Cataract Surgery FAQs

You asked… Dr. Phillips answers…

A cataract is a clouding of the natural lens inside the eye. The light that enters the eye must pass through different structures in the human eye before reaching the retina where images are formed.

  • When do I need Surgery?

Generally speaking, it is the patient who chooses when it is time for cataract surgery. Only in very rare circumstances does a cataract need to be removed for medical reasons. With my cases, only about one in several hundred needs to come out for reasons such as potentially causing glaucoma

  • My doctor says I need cataract surgery. Should I get a second opinion.?

If you still have questions about the surgery and you would like to get another opinion, I think a second opinion is an excellent idea. It will give you reassurance that the cataract is present and another surgeon’s perspective may help you understand the issues. Make sure you see the actual surgeon (Eye MD or ophthalmologist) and not just a referring optometrist for information regarding the surgery.

  • I think I need cataract surgery but my doctor or health plan doesn’t agree. What should I do?

When it comes to having a cataract surgery, the patient should be in the driver’s seat. There may be other reasons you are not seeing well, but your Eye MD should be able to explain this to you. If you still have unanswered questions, seek a second opinion.

  • I am having trouble with my daily activities, but my doctor or health plan says my cataract is not ripe yet. What does “ripe” mean?

As clinicians we try to avoid this term because “ripening” of the cataract depends on the daily activities of the patient. In other words, a radiologist who is reading x-rays may need a cataract removed earlier than a patient who does not drive and lives in a nursing home. This is why a good discussion with the cataract surgeon about all of these issues is important to assist the PATIENT in making a personal decision about surgery.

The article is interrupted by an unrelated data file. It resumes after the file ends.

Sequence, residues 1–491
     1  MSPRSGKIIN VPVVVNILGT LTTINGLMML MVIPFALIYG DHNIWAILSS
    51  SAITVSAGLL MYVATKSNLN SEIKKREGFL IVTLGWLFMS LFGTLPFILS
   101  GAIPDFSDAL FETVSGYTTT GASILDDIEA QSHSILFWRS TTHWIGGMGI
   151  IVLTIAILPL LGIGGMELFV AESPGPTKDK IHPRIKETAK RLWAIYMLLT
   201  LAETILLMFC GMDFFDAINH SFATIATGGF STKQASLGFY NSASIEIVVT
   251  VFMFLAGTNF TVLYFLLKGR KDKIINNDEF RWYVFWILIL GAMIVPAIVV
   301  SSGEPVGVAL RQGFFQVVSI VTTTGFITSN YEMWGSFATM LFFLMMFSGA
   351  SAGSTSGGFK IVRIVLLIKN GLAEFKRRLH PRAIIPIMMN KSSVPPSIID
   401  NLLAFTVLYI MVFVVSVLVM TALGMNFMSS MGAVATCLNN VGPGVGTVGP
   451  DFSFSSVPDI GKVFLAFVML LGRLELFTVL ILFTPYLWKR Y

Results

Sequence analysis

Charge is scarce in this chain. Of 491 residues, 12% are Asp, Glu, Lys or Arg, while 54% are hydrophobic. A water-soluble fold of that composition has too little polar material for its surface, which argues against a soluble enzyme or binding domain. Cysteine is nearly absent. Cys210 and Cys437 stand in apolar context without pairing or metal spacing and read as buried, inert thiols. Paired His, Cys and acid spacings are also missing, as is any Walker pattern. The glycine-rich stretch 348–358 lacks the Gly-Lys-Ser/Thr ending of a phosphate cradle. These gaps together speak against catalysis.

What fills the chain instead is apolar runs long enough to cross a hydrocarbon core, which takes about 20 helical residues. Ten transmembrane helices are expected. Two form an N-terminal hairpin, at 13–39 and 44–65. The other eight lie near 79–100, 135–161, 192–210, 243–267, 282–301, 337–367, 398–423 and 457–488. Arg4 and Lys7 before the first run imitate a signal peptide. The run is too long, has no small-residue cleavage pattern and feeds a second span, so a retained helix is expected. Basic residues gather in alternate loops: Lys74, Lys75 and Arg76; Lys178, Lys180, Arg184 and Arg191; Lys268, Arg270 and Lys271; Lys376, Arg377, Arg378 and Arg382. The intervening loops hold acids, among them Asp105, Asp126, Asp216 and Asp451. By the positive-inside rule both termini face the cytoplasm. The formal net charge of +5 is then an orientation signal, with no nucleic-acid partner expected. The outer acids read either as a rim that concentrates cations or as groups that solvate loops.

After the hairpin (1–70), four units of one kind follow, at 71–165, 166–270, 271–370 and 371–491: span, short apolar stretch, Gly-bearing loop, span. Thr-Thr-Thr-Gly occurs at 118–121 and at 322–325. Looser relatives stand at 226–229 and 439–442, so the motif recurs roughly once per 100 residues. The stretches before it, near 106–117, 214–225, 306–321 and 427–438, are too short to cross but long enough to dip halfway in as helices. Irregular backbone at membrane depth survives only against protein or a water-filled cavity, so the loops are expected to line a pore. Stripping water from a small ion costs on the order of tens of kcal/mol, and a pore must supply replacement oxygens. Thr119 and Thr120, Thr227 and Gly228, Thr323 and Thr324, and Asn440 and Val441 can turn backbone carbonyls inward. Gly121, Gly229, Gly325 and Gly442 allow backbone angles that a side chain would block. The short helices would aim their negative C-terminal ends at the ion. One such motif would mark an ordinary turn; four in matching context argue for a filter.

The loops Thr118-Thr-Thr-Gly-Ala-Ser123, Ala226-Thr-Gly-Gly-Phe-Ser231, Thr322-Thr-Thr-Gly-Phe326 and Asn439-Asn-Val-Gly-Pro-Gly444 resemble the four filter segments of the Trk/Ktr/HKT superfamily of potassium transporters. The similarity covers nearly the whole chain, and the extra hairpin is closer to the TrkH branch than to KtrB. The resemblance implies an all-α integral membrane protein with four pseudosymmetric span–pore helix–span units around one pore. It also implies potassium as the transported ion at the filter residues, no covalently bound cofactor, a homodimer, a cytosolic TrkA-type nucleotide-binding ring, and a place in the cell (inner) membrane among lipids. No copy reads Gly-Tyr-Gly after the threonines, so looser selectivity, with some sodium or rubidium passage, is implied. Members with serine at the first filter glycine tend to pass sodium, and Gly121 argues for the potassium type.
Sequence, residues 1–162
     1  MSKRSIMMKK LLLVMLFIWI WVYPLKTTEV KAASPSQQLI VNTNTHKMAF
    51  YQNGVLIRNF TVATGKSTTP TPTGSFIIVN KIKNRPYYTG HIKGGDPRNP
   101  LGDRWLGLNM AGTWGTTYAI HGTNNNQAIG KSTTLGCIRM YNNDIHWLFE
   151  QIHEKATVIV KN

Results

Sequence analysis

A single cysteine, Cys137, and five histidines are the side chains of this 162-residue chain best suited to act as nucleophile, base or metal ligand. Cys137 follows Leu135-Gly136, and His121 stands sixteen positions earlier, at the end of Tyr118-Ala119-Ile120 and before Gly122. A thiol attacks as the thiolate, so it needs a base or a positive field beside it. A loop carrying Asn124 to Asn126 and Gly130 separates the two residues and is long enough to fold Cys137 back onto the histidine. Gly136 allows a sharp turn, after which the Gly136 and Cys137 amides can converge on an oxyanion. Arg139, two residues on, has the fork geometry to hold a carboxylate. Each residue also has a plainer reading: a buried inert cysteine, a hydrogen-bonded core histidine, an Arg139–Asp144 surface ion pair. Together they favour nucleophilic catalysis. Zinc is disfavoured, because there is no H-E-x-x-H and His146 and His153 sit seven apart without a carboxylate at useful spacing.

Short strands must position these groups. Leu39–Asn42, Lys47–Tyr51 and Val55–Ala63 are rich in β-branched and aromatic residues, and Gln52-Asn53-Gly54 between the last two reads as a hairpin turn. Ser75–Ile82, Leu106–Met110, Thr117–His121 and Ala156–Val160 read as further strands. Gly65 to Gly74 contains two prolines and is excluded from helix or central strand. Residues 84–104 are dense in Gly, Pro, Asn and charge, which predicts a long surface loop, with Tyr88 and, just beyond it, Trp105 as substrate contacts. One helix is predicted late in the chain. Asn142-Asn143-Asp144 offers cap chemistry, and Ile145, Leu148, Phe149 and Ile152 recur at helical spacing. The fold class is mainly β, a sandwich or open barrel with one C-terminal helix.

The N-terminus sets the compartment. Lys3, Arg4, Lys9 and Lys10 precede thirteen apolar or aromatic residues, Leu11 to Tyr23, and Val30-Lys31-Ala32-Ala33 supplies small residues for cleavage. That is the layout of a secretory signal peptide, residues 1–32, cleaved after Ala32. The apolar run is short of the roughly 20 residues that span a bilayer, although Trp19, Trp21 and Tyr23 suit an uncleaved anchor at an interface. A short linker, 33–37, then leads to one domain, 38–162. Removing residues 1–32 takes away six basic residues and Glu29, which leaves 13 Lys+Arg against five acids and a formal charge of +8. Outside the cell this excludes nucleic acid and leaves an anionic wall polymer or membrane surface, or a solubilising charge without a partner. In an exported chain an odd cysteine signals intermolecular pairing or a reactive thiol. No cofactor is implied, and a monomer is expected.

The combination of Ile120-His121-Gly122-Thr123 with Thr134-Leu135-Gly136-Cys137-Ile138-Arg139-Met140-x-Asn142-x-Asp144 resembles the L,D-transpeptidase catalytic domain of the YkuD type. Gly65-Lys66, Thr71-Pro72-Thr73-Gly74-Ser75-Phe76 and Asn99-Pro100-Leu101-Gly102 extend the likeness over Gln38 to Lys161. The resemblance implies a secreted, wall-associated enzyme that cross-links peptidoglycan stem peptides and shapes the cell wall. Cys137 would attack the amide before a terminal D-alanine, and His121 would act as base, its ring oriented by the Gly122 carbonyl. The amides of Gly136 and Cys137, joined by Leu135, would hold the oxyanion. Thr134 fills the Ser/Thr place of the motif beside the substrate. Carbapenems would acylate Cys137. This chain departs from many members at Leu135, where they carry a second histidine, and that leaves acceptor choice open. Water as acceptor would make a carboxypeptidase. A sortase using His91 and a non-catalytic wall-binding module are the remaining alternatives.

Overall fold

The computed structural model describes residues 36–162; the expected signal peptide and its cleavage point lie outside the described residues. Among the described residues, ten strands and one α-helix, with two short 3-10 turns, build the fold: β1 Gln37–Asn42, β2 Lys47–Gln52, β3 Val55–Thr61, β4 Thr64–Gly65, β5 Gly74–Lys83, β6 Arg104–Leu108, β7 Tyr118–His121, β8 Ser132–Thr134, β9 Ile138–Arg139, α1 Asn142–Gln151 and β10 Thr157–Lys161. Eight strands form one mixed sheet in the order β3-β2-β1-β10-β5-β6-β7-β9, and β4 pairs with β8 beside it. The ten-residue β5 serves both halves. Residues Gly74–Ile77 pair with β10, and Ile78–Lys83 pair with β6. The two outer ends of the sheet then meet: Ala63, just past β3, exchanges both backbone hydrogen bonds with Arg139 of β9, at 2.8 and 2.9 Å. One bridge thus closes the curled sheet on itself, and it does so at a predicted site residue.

• Will the surgery hurt?

This depends on many factors such as the patient’s tolerance for pain, the surgical technique, and the anesthesia used. Few of our patients even remember the surgery much less complain of pain. If you do have discomfort during surgery, there is an anesthesiologist present to make you more comfortable. Our personal approach to cataract surgery is to eliminate both the pain and anxiety as much as possible for the patient.

  • Will I have to go to the hospital?

No, most surgeries are done in a surgery center. We use the Specialty Surgery Center in Arcadia, CA

  • How long does the surgery last?

Most cataract surgeries last about twenty minutes.

  • When can I resume normal activities?

Patients need to be driven to and from the Center the day of surgery. The next day you can resume light activities including walking, driving and light household chores. Limit lifting to 25 lbs. until the second day after surgery when we allow patients to resume most activities.

  • Will I need glasses?

This is a good question to raise with your surgeon when planning the surgery. Modern cataract surgery is no longer just removing the cataract from the eye. Patients can choose to reduce their astigmatism and have multifocal lenses placed at the time of surgery.

  • I have astigmatism, what can I do to reduce it during cataract surgery?

Astigmatism reduction is an option that should be discussed during your cataract consultation. Dr Phillips offers astigmatism reduction to patients who have a significant amount of corneal astigmatism ( generally over 1 diopter.)

  • I want the BEST cataract surgery available. What should I do?

Research your surgeon, since he is the one who is ultimately responsible for all aspect of a good surgical outcome. Seek out factual information about the surgeon, such as found in a CV, and ask specific question about technique. Is the surgery suture-less? What size is the incision in my eye? Do you treat astigmatism in my eye at the time of surgery so my vision may be better after surgery without glasses?